What technical writers want you to know

The article is based on interesting things I noticed on my daily job, working as a technical writer in an engineering department. Read the full story What Technical Writers Want You to Know.

Your technical writing team is on a never-ending mission to gather, organize, and present information for diverse readers. This is a challenge if, like me, you’re working on a team that creates documentation for enterprise developers. The team extends its expertise far beyond the common misconception that technical writers sit all day in a room and write. We gather information, keep track of the projects, we learn about new technologies, take notes, file bugs, and participate in many Sprint Reviews. We code our own publishing tools and develop prototypes, talk to dozens of developers, product owners, product managers, and end-users. When we write, it’s usually a smaller chunk of our time.

  1. Don’t correct grammar or punctuation.
  2. Pay attention to technical accuracy.
  3. If you write your own drafts, keep them short and informative.
  4. Don’t forget that your tech writers might also be subject matter experts.
  5. Keep in mind that documentation is part of the product.
  6. Appreciate the fact that you don’t have to write end-user documentation.

Impressive, free (and dated) JLU’s language learning resourcess

The Joint Language University (JLU) provides free downloadable language courses. I have stumbled upon them while searching for the Portuguese learning resources, and I was pleased to discover more languages.

The JLU Free Language Courses

An graphic elements in a dated JLU language course
A picture in a dated JLU language course

If you point your browser to the JLU’s address you will open a page with the following language courses: Albanian, Belarusan, Bulgarian, Cantonese, Chinese Mandarin, Czech, Dari, Dutch, Egyptian Arabic, Filipino, French, German, Greek, Haitian Creole, Hungarian, Indonesian, Iraqi Arabic, Korean, Maranao, MSA, Persian, Polish, Portuguese, Romanian, Russian, Serbian, Spanish, Syrian Arabic, Tausug, Thai, and Vietnamese.

The courses vary in quality and extent. For example, the Portuguese course contains several books and audio resources, while the Serbian is much smaller and lacks audio. The Russian resources are extensive. The Arabic courses are impressive, with EgyptianIraqiSyrian and MSA. But, there is a catch.

Free courses, but dated language courses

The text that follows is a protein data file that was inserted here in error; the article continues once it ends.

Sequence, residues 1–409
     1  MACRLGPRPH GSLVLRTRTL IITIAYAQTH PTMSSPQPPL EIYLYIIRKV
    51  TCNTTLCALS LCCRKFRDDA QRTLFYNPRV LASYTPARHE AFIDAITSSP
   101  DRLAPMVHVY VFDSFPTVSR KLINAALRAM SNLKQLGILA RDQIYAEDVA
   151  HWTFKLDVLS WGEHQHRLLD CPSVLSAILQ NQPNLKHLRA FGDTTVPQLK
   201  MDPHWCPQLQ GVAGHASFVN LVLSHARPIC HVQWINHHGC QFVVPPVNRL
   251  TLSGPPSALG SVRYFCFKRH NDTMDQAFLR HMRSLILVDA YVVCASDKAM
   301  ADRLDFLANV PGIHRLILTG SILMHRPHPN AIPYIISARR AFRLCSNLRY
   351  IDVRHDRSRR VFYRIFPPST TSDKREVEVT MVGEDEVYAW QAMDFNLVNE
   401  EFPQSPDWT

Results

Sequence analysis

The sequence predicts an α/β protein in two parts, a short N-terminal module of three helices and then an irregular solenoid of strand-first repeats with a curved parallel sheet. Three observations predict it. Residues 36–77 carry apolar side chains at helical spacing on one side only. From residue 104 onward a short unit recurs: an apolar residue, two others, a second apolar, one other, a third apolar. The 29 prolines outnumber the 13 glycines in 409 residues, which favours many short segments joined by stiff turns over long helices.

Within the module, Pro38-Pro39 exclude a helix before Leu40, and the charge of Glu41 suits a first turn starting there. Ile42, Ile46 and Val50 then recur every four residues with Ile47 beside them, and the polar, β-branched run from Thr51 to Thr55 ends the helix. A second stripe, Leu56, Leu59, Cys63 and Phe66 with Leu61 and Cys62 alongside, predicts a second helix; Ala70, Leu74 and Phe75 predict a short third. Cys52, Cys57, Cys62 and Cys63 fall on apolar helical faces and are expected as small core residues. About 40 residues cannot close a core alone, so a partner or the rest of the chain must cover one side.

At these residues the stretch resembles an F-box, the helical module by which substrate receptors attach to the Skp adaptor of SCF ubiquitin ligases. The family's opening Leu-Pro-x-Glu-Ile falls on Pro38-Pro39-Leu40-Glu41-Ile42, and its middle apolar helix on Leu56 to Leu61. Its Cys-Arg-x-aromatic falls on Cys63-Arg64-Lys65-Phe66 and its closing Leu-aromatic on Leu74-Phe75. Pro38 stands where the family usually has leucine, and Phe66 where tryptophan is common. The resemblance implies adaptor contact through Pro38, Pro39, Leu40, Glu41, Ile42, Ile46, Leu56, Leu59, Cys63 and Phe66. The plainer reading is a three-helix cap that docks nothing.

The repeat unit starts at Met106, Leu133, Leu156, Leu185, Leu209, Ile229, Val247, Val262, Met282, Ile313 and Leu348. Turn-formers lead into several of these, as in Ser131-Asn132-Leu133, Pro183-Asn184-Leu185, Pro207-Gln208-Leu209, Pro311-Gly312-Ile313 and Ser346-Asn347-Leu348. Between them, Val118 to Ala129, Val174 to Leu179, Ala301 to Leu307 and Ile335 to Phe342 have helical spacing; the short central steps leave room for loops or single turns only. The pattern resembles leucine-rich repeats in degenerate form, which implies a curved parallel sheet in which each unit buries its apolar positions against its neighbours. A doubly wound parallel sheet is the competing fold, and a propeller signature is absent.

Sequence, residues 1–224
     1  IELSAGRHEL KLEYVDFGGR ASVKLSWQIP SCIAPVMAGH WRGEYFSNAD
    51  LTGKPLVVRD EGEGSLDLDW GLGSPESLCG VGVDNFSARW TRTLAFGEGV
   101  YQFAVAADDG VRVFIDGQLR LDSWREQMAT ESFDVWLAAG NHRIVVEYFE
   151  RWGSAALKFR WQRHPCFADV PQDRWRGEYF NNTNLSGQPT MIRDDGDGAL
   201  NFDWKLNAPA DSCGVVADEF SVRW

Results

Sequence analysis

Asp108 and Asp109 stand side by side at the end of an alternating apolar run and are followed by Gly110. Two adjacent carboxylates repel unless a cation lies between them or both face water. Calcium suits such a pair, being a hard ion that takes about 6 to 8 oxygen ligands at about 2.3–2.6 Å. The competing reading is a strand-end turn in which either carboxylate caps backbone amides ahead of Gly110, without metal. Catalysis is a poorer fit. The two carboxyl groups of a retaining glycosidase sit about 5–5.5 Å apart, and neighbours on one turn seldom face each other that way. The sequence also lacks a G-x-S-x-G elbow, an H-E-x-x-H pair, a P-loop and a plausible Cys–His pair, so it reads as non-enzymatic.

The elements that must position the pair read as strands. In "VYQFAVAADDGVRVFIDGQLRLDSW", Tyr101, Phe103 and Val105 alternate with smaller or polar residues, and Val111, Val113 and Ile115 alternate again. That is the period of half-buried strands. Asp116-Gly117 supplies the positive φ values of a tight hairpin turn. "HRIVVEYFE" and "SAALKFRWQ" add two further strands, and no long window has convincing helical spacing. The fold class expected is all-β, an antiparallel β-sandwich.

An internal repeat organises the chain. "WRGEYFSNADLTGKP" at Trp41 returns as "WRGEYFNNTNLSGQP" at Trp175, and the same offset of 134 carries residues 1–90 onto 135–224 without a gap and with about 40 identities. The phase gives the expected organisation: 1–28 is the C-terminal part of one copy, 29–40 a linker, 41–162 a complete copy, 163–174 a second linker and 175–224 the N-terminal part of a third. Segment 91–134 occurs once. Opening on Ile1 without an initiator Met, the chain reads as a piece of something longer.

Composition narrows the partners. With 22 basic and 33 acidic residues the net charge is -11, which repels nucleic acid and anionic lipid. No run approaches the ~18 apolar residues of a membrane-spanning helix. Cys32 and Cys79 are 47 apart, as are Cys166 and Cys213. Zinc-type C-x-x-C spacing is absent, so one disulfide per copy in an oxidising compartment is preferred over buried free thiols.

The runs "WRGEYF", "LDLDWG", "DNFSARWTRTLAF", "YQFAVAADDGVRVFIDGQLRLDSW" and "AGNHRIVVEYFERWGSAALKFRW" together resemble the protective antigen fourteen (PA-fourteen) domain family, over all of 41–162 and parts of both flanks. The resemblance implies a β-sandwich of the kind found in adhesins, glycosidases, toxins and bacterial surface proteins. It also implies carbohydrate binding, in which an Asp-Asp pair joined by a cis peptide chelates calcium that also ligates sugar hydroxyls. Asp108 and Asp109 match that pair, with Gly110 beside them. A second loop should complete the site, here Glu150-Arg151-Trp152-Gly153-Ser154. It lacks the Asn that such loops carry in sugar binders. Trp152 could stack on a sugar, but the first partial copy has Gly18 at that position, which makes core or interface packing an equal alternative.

Portuguese course sample page
A Portuguese course from 1960s, created on a mechanical typewriter

The good thing about the JLU free resources is that they are, well, free. Not so good about them is that they are very dated and, form the point of view of a general learner or speaker, overly military (due to its origin and purpose).

Some of the materials are from 1960s. For example, the Portuguese course was created in 1968 (the PDF is scanned mechanically typewritten content, and the MP3 is converted from tapes). The Portuguese language underwent several orthographic reforms in the meantime, which the JLU course renders more of a research material than a learning material.

I assume that “dated” is a relative term for some languages, but it is up to a learner (or mentor) to give the final judgement. However, a half of a century is a lot in terms of a current and relevant learning material. The methods in language teaching have also been updated since 60s.

The JLU language courses listed in this text are not modern, but they can be useful to linguists and language enthusiasts (even though some courses are incomplete). You can have a look at their other public materials here, but be ready for not so friendly web interface.

How to pronounce “th”

For THIN /θɪn/

  1. Put the tip of your tongue slightly out between your upper teeth.
  2. Put your hand on your larynx (in a sec we’ll see why).
  3. Practice just passing the air current and saying “ssssss”. Since this sound is voiceless, you should not feel vibrations on your hand.
  4. Now, while still “biting” your tongue say /t/. You’ll hear a mixture of /s/ and /t/. Repeat, but make sure there are no vibrations.
  5. Congratulations, that was /θ/.

For THE /ðə/

All as above, EXCEPT:

  • Practice first with /z/.
  • Pronounce /d/ and, very important:
  • You should feel the vibrations, because this sound has a lot of energy.
  • That was /ð/!

This is my reply to a question on English Language & Usage on Stackexchange. I hope it might help other people.